Of the 207, a total of 59 have played in at least one regular-season game, but only six have made 20 career starts anywhere in the NFL and only seven (Shields, Dietrich-Smith, Taylor, Boykin, M.D. Jennings, Don Barclay and LaDarius Gunter) have made at least 10 career starts as a member of the Packers.
There’s no question the Packers have uncovered talent worthy of playing in the NFL, but the truth is, only in the case of Shields has it helped them win a Super Bowl. There’s a reason for that, too.
“Most of the time the reason they’re not getting drafted is they’re too short or too small or their football instincts aren’t very good,” said one NFL executive. “They’re not very good at something and that’s what’s holding them back from being drafted.”
However, in the salary-cap era, teams don’t always have the money to spend on veteran backups or special teams players, so they go cheap with minimum-wage undrafted free agents. Since not all of their draft choices are going to make it, they need backup.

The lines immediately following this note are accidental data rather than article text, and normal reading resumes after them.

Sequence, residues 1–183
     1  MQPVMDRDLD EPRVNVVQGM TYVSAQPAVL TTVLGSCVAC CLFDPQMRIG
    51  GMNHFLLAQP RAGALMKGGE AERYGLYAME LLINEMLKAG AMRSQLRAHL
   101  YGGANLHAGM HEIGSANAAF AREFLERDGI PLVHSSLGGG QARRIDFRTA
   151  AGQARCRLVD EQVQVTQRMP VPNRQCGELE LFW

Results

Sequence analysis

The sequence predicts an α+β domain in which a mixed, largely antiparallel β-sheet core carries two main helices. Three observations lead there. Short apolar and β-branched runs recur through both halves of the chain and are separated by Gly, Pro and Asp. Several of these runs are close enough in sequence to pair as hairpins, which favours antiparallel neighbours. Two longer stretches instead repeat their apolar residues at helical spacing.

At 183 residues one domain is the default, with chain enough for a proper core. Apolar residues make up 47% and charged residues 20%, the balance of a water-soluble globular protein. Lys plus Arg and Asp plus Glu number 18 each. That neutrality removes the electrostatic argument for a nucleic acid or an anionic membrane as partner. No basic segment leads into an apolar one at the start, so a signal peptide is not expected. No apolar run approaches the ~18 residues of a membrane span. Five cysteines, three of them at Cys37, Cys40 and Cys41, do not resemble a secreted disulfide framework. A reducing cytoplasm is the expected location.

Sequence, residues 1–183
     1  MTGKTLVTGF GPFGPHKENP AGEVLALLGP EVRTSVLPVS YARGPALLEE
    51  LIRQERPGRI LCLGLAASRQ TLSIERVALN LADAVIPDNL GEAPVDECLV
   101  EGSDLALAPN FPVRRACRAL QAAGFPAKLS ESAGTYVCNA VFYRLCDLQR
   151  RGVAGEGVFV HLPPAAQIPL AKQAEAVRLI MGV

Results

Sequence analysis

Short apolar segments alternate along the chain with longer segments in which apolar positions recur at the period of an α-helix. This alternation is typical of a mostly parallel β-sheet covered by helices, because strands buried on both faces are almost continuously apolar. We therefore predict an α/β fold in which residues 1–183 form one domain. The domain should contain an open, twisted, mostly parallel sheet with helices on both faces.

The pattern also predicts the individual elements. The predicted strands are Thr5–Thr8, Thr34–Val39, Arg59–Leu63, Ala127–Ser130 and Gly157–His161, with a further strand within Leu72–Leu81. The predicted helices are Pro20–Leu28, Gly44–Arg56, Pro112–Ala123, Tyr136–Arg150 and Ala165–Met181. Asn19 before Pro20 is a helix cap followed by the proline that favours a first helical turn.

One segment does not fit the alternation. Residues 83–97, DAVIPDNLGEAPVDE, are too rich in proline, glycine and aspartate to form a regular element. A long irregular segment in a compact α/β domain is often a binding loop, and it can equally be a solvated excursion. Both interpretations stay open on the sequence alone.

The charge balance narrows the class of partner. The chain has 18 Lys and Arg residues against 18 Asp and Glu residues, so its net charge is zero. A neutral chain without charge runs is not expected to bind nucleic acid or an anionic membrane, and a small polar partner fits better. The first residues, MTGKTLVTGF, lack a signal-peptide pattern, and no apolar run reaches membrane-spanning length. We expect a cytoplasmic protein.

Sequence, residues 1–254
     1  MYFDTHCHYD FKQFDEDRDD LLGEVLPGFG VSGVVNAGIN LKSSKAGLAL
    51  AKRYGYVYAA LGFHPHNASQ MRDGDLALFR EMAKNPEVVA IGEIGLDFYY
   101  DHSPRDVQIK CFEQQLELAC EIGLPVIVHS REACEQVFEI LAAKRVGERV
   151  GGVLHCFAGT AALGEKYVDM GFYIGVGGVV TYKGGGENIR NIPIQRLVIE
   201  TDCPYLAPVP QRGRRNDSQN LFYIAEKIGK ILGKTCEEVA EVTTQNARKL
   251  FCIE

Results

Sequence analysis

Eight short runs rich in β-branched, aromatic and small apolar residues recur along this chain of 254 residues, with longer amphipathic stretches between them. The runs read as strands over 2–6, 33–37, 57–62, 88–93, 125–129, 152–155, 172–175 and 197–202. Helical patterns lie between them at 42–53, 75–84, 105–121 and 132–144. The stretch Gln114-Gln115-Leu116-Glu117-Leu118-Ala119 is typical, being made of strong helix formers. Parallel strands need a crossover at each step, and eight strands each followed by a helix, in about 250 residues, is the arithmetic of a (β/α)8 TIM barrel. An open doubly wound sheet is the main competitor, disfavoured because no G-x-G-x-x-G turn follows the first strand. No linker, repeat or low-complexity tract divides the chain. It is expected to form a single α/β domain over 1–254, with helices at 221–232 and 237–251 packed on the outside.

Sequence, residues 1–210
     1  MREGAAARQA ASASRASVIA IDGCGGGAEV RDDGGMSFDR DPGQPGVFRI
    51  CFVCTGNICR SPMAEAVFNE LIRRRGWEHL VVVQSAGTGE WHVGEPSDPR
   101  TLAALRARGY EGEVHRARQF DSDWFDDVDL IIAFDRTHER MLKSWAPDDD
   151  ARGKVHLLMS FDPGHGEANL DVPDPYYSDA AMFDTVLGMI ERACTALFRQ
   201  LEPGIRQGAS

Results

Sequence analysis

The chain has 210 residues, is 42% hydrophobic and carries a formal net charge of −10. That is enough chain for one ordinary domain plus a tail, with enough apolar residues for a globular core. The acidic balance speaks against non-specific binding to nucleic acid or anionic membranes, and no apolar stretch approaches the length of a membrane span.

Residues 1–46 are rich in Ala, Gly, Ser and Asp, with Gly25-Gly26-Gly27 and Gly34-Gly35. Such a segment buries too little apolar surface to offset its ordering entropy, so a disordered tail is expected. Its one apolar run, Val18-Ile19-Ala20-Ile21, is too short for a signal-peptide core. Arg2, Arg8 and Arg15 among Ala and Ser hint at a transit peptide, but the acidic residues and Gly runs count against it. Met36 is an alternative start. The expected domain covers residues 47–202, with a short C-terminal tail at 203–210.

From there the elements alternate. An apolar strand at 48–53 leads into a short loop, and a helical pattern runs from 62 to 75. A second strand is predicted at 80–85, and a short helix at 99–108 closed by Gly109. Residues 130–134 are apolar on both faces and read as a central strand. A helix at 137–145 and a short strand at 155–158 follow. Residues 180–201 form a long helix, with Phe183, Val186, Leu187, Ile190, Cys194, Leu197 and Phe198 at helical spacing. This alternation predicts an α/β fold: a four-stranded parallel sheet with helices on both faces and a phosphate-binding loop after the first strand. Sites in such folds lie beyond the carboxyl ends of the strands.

The Packers had an outstanding year in 2016 filling their special-teams units with players such as Brice, Evans, Hawkins and Dorleant. They were able to play inexperienced players and not have a huge drop-off in their coverage and blocking units on special teams.
“That’s a big issue,” the executive said of the salary cap. “If you put together a solid core of free agents, you might save $6 or $7 million of cap space. That might allow you to keep a core player that you might otherwise lose because you can’t afford him.”
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Where the Packers run into trouble is that they’re adding those players on top of a class of seven to 10 draft picks, which means when they start having injuries, they’re almost always replacing a starter with a rookie. It happened consistently last year with Brice, Hawkins, Allison and running back Don Jackson all either starting or playing a major role on offense or defense at some point.
There have been some years when the Packers haven’t needed rookie free agents as much as others, but since 2011, Thompson has signed 20 or more every year except 2014 (18). In the last three seasons, undrafted players have made 32 starts for the Packers.